Reflections on Kawawachikamach, Part 1
About a week ago Caitlin and I returned home to the Comox Valley after a three week trip to Kawawachikamach, Quebec. It was our first time visiting a northern community and it’s hard to imagine a place exists within Canada that is so culturally different. Kawawa has around 1200 people in about 120 houses organized around a big loop with public buildings in the middle – the band office, the community center, the radio station, the Naskapi Development Corporation, the school. We stayed in the church rectory, which was a ten minute walk from anything in town and about 20 steps from the Naskapi Development Corporation (NDC) where I spent my weekdays helping the translators edit a collection of Naskapi legends.
The church and rectory, where we stayed.
I was thankful I got to spend my days working with the translators, following along in the stories with them. For the last week we were listening to true stories from Naskapi history – conflicts with the Inuit, Iroquois, and Hudson Bay managers, stories of hunts and bad winters. There was a real sense of history in the room. When someone 80 years old can recount a story their grandfather told about himself when he was younger, you are suddenly talking about the era of the fur trade. Often the translators had to explain the cultural background of the stories for translation into English – like what kind of arrow was being used, or how respect was shown by entering tents in a crouched position. Most days there was a retired, elder translator present to help explain traditional knowledge or older vocabulary the younger translators weren’t familiar with.
From left to Right: Amanda Swappie (translator), Dr. Marguerite MacKenzie (linguistics professor emeritus, MUN), Ruby Sandy-Robinson (Administrative Director), Tshiuetin Vachon (translator)
Small languages like Naskapi sometimes change very quickly, for various reasons. The children in Kawawa sometimes have a hard time understanding the elders, especially when they start using more technical language about living in the bush. We were thankful we got the chance to spend time with different groups of people and hear the different ways people speak Naskapi. After all my time at the NDC listening to the elders’ Naskapi, I got a different language experience by making paper airplanes and playing basketball with a mass of children (wapimina! means “shoot!” And chipayi! means “hurry up!”). The school recently put in a new basketball court, and I could tell many of the kids practiced every day. After the first day of basketball, all the kids knew my name. Our private evening walk the next night quickly turned into a parade of children with bikes and balls, so we turned it into a game of skipping stones by the lake.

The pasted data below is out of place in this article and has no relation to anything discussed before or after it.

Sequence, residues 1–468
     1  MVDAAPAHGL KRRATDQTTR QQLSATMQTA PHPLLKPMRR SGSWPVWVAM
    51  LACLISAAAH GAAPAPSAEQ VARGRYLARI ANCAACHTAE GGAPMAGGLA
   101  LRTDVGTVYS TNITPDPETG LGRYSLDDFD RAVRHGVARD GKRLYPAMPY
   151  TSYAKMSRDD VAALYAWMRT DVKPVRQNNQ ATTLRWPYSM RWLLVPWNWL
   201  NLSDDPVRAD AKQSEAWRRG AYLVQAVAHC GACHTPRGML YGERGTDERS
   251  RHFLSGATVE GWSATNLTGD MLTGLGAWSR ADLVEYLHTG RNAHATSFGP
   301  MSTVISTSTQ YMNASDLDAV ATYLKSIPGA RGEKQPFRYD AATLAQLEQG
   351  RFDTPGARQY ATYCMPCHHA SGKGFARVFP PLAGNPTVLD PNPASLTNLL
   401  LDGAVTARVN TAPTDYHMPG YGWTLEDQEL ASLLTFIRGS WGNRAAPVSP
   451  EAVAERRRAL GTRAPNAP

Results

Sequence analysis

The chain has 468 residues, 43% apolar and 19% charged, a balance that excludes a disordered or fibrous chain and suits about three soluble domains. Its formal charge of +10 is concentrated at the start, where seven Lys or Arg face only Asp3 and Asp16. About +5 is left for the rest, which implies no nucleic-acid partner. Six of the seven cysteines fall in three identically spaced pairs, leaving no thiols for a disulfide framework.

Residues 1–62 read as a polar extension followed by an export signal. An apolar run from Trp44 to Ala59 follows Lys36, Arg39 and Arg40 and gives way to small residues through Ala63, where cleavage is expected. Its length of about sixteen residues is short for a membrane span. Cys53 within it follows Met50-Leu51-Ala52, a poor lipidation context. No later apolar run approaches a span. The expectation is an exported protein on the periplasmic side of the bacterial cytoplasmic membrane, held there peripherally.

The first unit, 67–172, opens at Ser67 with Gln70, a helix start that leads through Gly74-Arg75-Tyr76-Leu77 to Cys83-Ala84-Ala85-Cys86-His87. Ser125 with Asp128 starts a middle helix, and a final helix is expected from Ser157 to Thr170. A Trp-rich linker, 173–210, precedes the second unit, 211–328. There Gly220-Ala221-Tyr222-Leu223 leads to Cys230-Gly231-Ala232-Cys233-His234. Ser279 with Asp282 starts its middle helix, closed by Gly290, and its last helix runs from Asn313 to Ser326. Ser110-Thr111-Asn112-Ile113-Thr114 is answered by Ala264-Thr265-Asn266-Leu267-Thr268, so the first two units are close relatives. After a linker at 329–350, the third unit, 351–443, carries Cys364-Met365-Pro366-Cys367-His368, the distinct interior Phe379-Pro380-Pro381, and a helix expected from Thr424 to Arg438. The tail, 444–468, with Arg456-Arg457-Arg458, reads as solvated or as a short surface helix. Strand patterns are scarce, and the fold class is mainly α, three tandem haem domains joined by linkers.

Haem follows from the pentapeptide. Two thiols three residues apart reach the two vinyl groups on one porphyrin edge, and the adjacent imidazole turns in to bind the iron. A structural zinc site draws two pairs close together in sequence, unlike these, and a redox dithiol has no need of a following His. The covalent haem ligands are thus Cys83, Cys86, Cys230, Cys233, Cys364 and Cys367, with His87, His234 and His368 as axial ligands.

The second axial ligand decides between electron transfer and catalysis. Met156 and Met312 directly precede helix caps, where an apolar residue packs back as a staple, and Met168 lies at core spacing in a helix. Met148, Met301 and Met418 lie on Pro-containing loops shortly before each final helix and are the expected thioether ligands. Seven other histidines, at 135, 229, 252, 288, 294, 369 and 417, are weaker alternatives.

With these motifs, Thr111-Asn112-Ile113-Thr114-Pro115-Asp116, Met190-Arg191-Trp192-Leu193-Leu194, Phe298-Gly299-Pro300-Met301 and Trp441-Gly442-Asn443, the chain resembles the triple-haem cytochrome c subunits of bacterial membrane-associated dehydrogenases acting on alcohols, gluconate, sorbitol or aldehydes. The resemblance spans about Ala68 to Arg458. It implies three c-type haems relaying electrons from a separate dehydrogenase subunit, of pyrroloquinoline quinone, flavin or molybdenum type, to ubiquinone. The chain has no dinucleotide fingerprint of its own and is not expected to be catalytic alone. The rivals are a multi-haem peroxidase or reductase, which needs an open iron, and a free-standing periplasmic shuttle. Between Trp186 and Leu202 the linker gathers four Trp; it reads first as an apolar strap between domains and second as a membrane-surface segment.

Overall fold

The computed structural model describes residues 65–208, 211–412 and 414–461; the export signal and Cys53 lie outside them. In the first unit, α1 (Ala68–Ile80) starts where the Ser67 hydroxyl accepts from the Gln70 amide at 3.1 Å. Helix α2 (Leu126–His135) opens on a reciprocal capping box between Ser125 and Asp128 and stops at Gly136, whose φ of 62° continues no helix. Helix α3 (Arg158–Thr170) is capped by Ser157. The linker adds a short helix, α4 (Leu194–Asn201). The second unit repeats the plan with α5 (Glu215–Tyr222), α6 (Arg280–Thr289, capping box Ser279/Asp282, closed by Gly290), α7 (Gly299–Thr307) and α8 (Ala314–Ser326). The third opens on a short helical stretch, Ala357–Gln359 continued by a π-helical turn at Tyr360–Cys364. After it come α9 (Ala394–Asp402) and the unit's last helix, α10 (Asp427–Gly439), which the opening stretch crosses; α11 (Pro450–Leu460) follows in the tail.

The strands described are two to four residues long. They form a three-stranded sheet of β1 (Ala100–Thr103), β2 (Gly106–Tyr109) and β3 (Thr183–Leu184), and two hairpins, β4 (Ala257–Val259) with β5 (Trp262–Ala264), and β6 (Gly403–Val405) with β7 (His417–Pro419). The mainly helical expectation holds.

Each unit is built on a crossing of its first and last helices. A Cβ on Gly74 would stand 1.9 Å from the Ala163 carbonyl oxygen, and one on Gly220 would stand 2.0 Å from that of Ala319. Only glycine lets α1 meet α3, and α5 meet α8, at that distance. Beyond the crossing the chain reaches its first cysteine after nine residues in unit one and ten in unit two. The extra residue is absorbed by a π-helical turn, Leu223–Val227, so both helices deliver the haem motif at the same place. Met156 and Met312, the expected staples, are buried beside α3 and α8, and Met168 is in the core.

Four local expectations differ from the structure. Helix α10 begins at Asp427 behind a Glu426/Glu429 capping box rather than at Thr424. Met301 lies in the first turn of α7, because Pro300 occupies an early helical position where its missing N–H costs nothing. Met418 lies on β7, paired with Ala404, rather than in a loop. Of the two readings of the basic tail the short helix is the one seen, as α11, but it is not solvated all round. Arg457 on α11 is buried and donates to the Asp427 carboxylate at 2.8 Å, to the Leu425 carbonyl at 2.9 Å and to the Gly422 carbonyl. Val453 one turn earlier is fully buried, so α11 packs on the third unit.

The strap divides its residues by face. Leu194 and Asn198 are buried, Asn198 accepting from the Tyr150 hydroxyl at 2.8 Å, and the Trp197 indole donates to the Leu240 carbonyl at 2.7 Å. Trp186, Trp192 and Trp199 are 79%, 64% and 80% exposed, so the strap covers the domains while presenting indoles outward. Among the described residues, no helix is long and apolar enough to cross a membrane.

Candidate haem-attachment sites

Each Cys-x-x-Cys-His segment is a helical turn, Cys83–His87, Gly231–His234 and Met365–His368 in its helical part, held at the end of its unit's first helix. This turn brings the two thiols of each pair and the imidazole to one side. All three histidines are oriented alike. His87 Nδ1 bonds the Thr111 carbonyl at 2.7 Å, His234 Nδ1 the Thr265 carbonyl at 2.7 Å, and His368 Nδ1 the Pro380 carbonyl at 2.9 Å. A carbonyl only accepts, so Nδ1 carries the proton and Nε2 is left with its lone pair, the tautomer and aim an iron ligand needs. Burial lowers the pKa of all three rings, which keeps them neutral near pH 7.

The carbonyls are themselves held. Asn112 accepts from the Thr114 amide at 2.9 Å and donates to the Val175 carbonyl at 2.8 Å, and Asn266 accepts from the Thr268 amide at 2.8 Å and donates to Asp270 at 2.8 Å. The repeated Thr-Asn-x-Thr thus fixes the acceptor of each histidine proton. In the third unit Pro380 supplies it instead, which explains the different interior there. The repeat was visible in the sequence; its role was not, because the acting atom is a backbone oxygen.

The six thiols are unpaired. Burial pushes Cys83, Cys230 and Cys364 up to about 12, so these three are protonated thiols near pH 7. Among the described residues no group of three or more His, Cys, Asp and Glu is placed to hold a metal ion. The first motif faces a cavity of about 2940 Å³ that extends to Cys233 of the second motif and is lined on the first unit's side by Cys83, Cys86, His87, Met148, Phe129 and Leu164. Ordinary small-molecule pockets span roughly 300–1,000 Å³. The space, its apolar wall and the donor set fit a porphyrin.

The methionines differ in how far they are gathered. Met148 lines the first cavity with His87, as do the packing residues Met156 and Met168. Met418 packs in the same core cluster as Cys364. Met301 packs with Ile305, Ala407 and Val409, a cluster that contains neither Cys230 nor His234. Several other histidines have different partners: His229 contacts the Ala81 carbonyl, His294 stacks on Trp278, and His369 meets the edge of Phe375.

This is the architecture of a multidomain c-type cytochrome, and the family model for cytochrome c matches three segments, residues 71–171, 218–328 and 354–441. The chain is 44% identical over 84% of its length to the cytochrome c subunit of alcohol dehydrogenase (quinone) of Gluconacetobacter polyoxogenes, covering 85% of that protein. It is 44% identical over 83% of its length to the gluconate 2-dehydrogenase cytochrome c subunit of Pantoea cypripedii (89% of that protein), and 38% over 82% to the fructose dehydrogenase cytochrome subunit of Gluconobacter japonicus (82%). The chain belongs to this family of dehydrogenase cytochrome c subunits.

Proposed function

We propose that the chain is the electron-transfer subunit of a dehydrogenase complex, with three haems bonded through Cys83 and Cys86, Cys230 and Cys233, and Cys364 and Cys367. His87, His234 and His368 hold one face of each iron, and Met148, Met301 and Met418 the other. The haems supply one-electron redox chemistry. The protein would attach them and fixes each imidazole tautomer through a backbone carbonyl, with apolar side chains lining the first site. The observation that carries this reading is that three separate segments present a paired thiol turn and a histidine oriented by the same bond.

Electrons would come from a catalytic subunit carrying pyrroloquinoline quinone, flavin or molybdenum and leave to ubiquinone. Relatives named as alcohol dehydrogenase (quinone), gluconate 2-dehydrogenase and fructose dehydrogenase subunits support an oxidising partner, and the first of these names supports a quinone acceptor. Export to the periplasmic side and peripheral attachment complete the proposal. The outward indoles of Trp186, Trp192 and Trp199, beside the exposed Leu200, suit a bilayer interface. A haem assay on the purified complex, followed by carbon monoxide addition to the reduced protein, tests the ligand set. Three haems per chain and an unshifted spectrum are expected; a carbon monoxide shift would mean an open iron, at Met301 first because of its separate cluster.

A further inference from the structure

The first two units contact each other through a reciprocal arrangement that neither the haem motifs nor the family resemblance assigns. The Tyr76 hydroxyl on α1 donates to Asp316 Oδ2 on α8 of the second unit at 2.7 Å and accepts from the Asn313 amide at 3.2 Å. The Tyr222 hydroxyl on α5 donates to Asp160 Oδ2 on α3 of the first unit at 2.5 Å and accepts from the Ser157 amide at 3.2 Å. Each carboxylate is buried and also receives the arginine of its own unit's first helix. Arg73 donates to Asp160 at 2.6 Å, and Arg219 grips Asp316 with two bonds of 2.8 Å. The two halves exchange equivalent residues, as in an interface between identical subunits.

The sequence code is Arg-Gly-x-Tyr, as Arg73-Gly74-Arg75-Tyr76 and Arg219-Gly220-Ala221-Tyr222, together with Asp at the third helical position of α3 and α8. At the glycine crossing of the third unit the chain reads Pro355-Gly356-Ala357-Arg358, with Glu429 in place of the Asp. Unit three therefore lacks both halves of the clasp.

Caitlin was sick for the first couple days we were there (as was everyone else in their turn) but we learned to appreciate the casual style of working in a place where plans continually flow and change as the day progresses. Breaks happen at unspoken consensus when the group feels tired, and work pushes forward when people are feeling engaged. We appreciated how easy it was for Caitlin to join in or go home for a nap without anyone blinking an eye.
The Naskapi Development Corporation (NDC) is a really unique place to work. It was founded by a visionary Naskapi leader and former Bible translator Joe Guanish to develop Naskapi language materials and cultures funded by the Naskapi Nation to develop materials for Naskapi language and culture. The NDC has a lot of potential projects on the table, but one of their consistent high priorities since the New Testament was published has been translation of the Old Testament into Naskapi. There is a felt need for this within the NDC, in the local church and in the community at large. When we were at a baby shower a man was asking Bill when the book of Job would be translated so he could read it. A woman at a Bible study we went to said that reading the Bible in her own language made her feel “complete somehow” even though she was able to read the bible in English. Often Christians who speak minority languages feel that having the Bible in their own language helps them identify with their spirituality on a more personal level. The Naskapi church is built of believers who have come to understand the gospel as it applies within Naskapi culture, and the Naskapi scriptures are instrumental to this understanding.
Our first Sunday we attended a baptism (left) and the following celebration (right).
Some Old Testament books are almost completely drafted, such as Exodus, but it will be awhile before many books including Job will even be started. It all depends on the motivation and resources available to the NDC translators. Please pray for the translators and the NDC staff, that they would have the endurance to keep working at the Old Testament and pass the value of the Naskapi language to the children of Kawawa.
Our first day in Kawawa we went berry picking up “the sliding hill” and were joined by a friend (niwichiwakin).